German way 7.62 mm long

1955 year. 10 years after the well-known events in the Federal Republic of Germany, the Bundeswehr was created. The Ministry of Defense, the Bundeswehr itself, all other services. The question arises quite correctly of what and how the new army of the new Germany will be armed with.

As you know, in the Wehrmacht, the main small arms had a caliber of 7.92 mm. In principle, it would be quite realistic to continue design and production operations, using the experience of the past. Not to mention the fact that the production of cartridges in old factories would be easy.

But not in that case. The Bundeswehr was created with one goal – to join NATO and become the basis of a bloc in Europe, since the “cold war” was in full swing, Soviet tanks on the banks of the English Channel were quite a serious threat, and apart from Germany, in Europe, which remained on the capitalist side, there were, as it were, potential no armies were observed.

Well, not to count on the “winners” from France?

This means that the Bundeswehr should have been armed in NATO standards, respectively, all the old practices had to be forgotten.

Our hero, cartridge 7.62 x 51, was born, of course, in the USA. The American military department, having analyzed the entire course of the Second World War, came to the conclusion that the modern army needs a new cartridge.

In general, having pretty much worn out with a rather impressive number of cartridges in the infantry (M1A1 carbine – 7.62 x 33, M1A1 Springfield rifle – 7.62 x 63, Colt M1911 pistol and Thompson’s PP – 11.43 x 23, M3A1 submachine gun – 9 x 19, the M2 machine gun – 12.7 x 99, BAR was generally produced for 4 types of cartridges), the American commanders decided that the army needed a universal weapon that combined the capabilities of a machine gun and a rifle.

Naturally, the cartridge for this weapon should have been, in theory, smaller than the standard .30, but with approximately the same characteristics.

The challenge is not one tens of millions of dollars, but very in time the Olin company developed a new smokeless powder, called Ball Powder (spherical powder). The grain of this gunpowder had a strange shape, but it gave out the necessary power.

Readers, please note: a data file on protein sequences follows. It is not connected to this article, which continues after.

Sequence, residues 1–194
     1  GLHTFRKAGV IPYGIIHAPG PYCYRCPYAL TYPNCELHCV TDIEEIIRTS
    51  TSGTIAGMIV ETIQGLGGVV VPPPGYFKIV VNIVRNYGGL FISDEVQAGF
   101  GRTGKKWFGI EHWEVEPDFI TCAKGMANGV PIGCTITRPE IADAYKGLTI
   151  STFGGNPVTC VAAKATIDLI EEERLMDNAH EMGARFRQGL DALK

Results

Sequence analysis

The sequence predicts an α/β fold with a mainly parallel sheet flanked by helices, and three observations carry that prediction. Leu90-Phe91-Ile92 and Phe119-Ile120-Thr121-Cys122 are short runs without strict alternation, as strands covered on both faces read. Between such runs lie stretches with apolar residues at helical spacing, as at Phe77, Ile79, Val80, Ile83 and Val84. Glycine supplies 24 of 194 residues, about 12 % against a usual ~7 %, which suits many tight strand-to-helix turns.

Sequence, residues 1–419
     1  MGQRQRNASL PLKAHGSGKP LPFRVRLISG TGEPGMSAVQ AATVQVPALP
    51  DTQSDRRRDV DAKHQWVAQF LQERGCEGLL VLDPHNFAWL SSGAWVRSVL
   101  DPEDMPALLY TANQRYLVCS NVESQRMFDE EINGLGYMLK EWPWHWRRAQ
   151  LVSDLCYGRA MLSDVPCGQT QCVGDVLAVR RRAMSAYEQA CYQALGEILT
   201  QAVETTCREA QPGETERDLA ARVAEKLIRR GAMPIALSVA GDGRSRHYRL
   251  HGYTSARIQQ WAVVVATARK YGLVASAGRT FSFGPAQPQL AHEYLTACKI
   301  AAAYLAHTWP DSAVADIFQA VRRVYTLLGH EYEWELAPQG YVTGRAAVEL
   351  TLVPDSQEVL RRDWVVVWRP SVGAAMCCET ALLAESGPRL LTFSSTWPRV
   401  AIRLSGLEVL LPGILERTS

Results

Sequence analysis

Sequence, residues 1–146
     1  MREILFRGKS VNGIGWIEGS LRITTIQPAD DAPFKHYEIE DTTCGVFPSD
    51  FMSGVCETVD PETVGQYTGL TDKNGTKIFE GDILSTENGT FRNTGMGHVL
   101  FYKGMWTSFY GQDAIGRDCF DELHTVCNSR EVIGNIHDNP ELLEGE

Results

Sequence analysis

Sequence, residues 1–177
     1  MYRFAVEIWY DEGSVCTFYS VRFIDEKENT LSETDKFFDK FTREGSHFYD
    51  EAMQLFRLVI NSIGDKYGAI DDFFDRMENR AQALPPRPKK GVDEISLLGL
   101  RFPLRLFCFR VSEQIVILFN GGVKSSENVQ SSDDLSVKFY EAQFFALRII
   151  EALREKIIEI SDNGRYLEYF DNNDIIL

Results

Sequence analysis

And the Americans, rolling up their sleeves, rushed to work. After all, even then the creation of NATO loomed on the horizon, and whoever can provide the bloc with new weapons, in theory, will not just be covered in chocolate.

All US gunsmiths plowed from 1947 to 1953. The case was taken from the .300 Savage cartridge, but it was slightly modified. There was also a Winchester cartridge, but it was slightly larger (.308).

Winchester on the left, Savage on the right


In December 1953, the USA, France, Great Britain, Italy and Belgium agreed that the standard for the new NATO cartridge would be 7.62×51, based on the American T65 cartridge.

Let no one be surprised by such a set of negotiators, it is not with Holland and Canada to discuss weapons issues …

And then the Belgians took the stage. And according to the approved drawings and sketches, they created a simply wonderful cartridge with an SS 77 bullet, which had a tapered tail section and a lead core.

Well, if such cool guys as Fabrique Nationale d’Arms de Guerre, that is, FN, have a cartridge, then the development of a new rifle is a stone’s throw.

Of course she appeared. The famous Fusil Automatique Legere, aka FAL.

And in December 1954, the Belgians presented their rifle to the Germans, who did not yet have the Bundeswehr, but had border guards.

It cannot be said that the Germans were idle. As after the lost World War I, of course, they quietly worked on weapons. Abroad. Specifically in Spain, at the CETME firm.

By the way, looking at whom, it is worth talking about the similarity with the same StG44 …